Orange County DAs Knew About Jailhouse Snitch Program Well Before They Admitted, Says Public Defender

County prosecutors have only recently acknowledged that a jailhouse informant program does indeed exist.
Gail Fisher via Getty Images

LOS ANGELES ― The scandal of a tainted jailhouse informant program that allegedly violated the rights of multiple defendants has been rocking Orange County for almost three years. In recent weeks, the Orange County Sheriff’s Department has denied such a program even exists ― even after the Orange County District Attorney’s Office admitted it following three years of denials.

But a brief filed this week in a high-profile mass murder case has added yet another twist to the saga. According a transcript submitted by Assistant Public Defender Scott Sanders, members of the OCDA themselves allegedly knew about the jailhouse informant program years before their recent acknowledgement. Additionally, Sanders argues that they realized a key witness from the OCSD had lied during hearings when he denied that deputies “developed” jailhouse informants.

Sanders lays out a sequence of sworn testimony from law enforcement regarding the snitch network that casts significant doubt on the official stories of both agencies.

In 2015, OCSD Deputy Seth Tunstall ― who worked in a branch of the department called Special Handling, which specifically deals with inmates and jail informants ― was questioned during hearings involving the case of Scott Dekraai, a man who shot and killed eight people in 2011 in the deadliest mass murder in Orange County history.

Sanders confronted Tunstall with a 2013 statement the deputy made in a search warrant for a different case, which seemed to clearly admit that the OCDA operated a jailhouse informant program. Tunstall wrote that “during my employment with the Sheriff’s Department, I have cultivated, interviewed and supervised numerous confidential informants” ― language nearly identical to that used by OCDA in their recent statements acknowledging the jailhouse informant program.

Tunstall also clearly stated the responsibilities of his unit in the search warrant. “The Special Handling/Gang Detail is responsible for: Gathering intelligence on gang shot-callers representatives, gang rivalries in and out of custody, narcotic trafficking within the jail system, [and] developing confidential informants.”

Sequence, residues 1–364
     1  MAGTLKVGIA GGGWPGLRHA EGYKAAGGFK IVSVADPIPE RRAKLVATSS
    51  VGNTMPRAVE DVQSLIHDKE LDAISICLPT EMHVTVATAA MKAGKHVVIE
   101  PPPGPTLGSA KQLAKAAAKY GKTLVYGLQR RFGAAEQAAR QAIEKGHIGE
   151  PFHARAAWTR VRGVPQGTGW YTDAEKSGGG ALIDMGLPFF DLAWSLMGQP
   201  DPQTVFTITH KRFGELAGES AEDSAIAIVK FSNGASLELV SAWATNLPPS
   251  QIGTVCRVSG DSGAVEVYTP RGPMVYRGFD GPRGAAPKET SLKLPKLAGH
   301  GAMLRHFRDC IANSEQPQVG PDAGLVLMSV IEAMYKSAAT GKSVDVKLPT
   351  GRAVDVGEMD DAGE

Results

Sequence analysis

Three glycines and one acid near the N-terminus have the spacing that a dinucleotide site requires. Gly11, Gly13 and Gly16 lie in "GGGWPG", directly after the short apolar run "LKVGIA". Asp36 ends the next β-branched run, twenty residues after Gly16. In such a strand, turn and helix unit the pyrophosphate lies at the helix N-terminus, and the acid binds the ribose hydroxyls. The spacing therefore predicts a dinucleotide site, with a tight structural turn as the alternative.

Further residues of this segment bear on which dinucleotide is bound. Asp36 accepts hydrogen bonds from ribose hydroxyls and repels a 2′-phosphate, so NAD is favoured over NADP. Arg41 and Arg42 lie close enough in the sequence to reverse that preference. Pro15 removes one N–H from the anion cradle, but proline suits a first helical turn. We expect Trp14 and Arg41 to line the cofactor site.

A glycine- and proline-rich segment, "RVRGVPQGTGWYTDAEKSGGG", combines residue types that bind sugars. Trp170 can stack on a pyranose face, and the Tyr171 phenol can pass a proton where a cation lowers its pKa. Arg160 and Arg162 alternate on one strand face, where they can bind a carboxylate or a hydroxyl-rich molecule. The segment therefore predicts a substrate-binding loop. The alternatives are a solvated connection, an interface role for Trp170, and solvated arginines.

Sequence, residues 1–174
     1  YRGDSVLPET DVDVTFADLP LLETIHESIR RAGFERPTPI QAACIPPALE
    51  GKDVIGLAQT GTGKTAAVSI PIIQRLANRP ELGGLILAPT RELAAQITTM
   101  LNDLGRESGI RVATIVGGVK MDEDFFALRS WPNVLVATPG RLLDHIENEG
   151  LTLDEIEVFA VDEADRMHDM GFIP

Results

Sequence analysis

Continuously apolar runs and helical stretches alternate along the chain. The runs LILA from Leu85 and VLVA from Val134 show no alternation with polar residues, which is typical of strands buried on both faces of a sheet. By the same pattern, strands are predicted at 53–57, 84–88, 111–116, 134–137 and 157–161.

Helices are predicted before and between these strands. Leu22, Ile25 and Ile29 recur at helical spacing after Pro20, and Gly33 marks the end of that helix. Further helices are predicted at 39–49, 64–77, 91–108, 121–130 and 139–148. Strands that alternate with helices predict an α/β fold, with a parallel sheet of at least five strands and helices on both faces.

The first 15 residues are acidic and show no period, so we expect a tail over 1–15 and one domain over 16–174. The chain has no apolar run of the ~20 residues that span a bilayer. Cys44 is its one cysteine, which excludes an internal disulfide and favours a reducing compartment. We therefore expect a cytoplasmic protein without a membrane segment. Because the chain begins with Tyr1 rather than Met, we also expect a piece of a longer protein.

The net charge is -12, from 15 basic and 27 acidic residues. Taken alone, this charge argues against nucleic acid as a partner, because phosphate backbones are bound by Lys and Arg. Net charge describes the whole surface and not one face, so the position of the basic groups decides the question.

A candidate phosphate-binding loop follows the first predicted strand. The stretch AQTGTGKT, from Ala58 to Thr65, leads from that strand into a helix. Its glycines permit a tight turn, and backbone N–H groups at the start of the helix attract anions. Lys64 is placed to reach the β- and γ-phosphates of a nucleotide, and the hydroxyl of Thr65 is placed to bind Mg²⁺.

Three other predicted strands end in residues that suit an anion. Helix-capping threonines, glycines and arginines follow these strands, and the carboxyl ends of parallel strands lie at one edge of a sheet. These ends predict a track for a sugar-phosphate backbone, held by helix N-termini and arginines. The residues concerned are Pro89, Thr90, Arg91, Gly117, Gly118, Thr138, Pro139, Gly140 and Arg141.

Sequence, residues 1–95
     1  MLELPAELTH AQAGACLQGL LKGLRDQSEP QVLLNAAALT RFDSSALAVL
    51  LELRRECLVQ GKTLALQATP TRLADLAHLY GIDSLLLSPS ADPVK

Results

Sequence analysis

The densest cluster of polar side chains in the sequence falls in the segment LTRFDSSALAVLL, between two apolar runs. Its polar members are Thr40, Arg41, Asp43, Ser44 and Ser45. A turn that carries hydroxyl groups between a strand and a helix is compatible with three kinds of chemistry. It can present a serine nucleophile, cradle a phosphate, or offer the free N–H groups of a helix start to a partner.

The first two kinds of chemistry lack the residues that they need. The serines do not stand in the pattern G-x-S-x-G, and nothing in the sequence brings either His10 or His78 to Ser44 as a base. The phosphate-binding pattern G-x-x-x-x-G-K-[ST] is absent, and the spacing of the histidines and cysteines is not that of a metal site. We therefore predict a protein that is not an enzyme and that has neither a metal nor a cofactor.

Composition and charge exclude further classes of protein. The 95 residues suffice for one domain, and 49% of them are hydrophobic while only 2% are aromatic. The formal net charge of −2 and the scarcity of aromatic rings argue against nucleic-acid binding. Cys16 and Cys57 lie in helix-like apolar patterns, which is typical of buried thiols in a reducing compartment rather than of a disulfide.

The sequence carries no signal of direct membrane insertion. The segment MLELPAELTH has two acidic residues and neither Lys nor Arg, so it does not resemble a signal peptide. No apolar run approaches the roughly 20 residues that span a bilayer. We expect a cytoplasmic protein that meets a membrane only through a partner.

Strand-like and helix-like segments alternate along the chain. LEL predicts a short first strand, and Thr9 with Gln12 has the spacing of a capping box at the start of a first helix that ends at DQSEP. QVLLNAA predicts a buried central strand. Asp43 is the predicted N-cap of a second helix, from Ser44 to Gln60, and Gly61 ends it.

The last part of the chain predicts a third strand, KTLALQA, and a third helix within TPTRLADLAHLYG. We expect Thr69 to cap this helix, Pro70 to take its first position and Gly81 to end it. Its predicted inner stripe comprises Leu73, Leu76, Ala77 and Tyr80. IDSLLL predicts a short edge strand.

Tunstall, though, would go on to disavow his earlier admissions that he’d cultivated and developed confidential informants in the jail, claiming instead that he had used the “wrong” words. At the time of the testimony, OCDA appeared to accept Tunstall’s explanation that he’d misspoken. Several members of the OCDA office were present to hear Tunstall’s account about informants, including Assistant District Attorney Dan Wagner, Senior Deputy District Attorney Scott Simmons and Senior Deputy District Attorney Howard Gundy.

The veracity of Tunstall’s disavowal is called into question by later testimony of OCSD Special Handling Deputy Jonathan Larson, Sanders says. When asked if one of his jobs was to develop, identify and manage informants in jail, Larson said, “I would say yes.”

Larson also admitted that Special Handling deputies use specific modules to place informants and high value targets together in jail ― a fact that OCDA’s office says was only just revealed by the discovery of a secret cache of notes, but arrived almost a year and a half after Larson’s testimony acknowledging the practice.

Tunstall was later called out by Superior Court Judge Thomas Goethals, who said last year that the deputy “either intentionally lied or willfully withheld information.” In part due to the testimony given by Tunstall and other Special Handling deputies and also because of other allegations of misconduct, Goethals eventually ejected the entire DA’s office from the Dekraai case. And although he’s been strongly reprimanded, Tunstall has not been charged with perjury.

Thirteen months after that ruling, in April 2016, a trove of secret notes kept by sheriff’s deputies about inmates and jail informants shined new light on the informant program. The notes, whose existence was only revealed recently, were recorded from September 2008 to January 2013.